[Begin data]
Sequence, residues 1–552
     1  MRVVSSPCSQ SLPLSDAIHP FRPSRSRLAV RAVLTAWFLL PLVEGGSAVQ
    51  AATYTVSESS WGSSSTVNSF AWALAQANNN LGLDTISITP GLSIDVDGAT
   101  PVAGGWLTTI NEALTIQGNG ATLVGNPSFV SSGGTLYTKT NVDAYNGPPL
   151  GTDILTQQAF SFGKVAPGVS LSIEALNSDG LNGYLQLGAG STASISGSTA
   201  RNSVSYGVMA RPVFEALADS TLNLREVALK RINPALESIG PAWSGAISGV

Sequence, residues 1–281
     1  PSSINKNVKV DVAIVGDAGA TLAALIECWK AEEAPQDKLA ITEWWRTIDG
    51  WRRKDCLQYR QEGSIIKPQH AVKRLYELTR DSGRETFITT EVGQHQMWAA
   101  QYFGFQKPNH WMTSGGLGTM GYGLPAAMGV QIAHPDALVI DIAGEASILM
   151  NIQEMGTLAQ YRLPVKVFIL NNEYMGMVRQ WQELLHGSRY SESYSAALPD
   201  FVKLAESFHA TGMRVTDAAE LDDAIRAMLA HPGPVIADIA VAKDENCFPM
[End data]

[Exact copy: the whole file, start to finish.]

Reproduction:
Sequence, residues 1–552
     1  MRVVSSPCSQ SLPLSDAIHP FRPSRSRLAV RAVLTAWFLL PLVEGGSAVQ
    51  AATYTVSESS WGSSSTVNSF AWALAQANNN LGLDTISITP GLSIDVDGAT
   101  PVAGGWLTTI NEALTIQGNG ATLVGNPSFV SSGGTLYTKT NVDAYNGPPL
   151  GTDILTQQAF SFGKVAPGVS LSIEALNSDG LNGYLQLGAG STASISGSTA
   201  RNSVSYGVMA RPVFEALADS TLNLREVALK RINPALESIG PAWSGAISGV

Sequence, residues 1–281
     1  PSSINKNVKV DVAIVGDAGA TLAALIECWK AEEAPQDKLA ITEWWRTIDG
    51  WRRKDCLQYR QEGSIIKPQH AVKRLYELTR DSGRETFITT EVGQHQMWAA
   101  QYFGFQKPNH WMTSGGLGTM GYGLPAAMGV QIAHPDALVI DIAGEASILM
   151  NIQEMGTLAQ YRLPVKVFIL NNEYMGMVRQ WQELLHGSRY SESYSAALPD
   201  FVKLAESFHA TGMRVTDAAE LDDAIRAMLA HPGPVIADIA VAKDENCFPM